It was nearly canceled during its first season when it ranked last in ratings for its premiere. Over its eleven-season run, the cast and crew garnered a record 111 Emmy Award nominations, with a total of 28 wins.
1999 – Large doses of radiation were released at Japan’s Tokaimura nuclear plant.
It was Japan’s worst nuclear accident, caused by a serious error made by workers at the plant. One person was killed, 49 were injured and thousands of others were forcibly confined to their homes for several days.
Workers were mixing liquid uranium when they made a serious, and inexplicable, mistake. Instead of pouring five pounds of powdered uranium into nitric acid, the workers poured 35 pounds, seven times too much.
The resulting chain reaction caused gamma rays and stray neutrons to flood the purification chamber, where the radioactive water was treated.
2003 – Robert Kardashian died of esophageal cancer at the age of 59.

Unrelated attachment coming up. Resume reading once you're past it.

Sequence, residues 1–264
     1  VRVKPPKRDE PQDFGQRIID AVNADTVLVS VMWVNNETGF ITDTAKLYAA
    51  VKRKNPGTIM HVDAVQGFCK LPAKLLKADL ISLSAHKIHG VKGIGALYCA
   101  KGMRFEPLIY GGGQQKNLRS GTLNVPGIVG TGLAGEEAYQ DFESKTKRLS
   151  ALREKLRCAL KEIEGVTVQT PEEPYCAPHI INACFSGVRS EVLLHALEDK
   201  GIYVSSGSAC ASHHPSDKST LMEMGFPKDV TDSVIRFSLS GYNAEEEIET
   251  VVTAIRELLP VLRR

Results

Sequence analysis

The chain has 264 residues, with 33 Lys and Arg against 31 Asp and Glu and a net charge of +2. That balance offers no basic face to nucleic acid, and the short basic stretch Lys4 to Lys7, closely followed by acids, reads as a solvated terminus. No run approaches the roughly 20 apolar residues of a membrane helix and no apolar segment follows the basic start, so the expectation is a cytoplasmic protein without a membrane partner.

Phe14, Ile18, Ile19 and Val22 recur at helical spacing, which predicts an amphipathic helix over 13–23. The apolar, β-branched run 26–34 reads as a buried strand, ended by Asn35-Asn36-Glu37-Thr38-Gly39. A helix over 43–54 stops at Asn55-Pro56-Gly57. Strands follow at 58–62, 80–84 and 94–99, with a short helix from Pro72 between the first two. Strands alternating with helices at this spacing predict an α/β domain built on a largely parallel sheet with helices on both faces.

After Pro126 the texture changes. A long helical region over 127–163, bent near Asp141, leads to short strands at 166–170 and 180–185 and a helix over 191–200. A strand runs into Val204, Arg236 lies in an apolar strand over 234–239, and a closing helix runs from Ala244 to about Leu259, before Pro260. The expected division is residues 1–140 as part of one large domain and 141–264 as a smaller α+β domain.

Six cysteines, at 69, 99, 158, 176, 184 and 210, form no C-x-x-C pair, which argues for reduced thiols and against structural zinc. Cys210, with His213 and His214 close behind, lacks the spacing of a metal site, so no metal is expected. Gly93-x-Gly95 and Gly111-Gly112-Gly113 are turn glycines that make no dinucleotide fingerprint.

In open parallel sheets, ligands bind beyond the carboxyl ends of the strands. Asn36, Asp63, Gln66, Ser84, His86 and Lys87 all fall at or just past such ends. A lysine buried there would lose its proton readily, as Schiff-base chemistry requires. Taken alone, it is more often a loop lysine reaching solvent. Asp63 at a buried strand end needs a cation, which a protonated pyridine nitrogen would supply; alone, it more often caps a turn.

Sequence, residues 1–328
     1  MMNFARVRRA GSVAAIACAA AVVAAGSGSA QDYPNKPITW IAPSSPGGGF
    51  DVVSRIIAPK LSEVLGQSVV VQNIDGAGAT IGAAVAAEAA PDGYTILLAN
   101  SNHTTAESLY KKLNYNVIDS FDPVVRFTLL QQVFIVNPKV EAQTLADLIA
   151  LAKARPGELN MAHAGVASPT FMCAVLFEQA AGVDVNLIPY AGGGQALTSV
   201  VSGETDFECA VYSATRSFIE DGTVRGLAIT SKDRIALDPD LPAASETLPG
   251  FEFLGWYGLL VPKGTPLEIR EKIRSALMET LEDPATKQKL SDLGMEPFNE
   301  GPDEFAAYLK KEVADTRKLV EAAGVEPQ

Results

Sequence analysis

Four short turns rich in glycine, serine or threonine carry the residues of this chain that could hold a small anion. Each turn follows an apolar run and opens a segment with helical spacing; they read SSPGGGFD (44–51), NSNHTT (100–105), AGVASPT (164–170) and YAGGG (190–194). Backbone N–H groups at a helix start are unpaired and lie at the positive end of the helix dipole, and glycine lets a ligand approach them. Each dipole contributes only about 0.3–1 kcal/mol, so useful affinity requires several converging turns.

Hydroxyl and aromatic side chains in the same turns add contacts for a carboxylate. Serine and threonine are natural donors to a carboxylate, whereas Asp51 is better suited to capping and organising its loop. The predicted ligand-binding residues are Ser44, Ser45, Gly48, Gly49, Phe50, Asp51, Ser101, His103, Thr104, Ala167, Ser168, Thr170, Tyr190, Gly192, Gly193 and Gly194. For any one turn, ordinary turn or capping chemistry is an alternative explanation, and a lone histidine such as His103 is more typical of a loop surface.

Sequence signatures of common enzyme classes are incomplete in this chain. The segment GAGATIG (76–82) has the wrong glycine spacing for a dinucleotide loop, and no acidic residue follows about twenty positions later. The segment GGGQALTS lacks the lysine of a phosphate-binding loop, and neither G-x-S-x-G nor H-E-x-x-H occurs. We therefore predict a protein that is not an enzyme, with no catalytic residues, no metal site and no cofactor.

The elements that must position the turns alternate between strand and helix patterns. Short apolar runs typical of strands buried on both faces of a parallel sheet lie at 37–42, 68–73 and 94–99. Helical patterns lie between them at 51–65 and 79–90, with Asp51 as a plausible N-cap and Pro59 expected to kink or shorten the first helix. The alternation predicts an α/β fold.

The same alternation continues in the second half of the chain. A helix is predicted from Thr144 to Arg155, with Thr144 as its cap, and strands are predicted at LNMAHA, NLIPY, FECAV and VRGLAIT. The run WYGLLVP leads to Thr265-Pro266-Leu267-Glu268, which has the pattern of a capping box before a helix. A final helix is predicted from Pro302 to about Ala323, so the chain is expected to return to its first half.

He first drew public attention as one of O. J. Simpson’s defense attorneys during Simpson’s 1995 murder trial.
There was only one reason he was there.
As a member of the defense “Dream Team,” Kardashian – a friend of Simpson since the early 70s – could not be compelled or subpoenaed to testify against Simpson in the case, which included Simpson’s past history and behavior with his ex-wife Nicole.
Not long after the trial, Kardashian, who later admitted he struggled with the acquittal, severed his ties with Simpson.
It’s Partially His Fault Factoid: He had four children with his first wife, Kris … Kourtney, Kim, Khloe, and Rob, who appear on their family reality television series, Keeping Up With The Kardashians and its equally ridiculous spinoffs.
2017 – Monty Hall, co-creator and longtime host of Let’s Make A Deal, died from heart failure at the age of 96.
Hall was well known for his philanthropic work. He helped raise close to one billion dollars for charity in his lifetime.
Compiled by Ray Lemire ©2019 RayLemire.com / Streamingoldies.com. All Rights Reserved.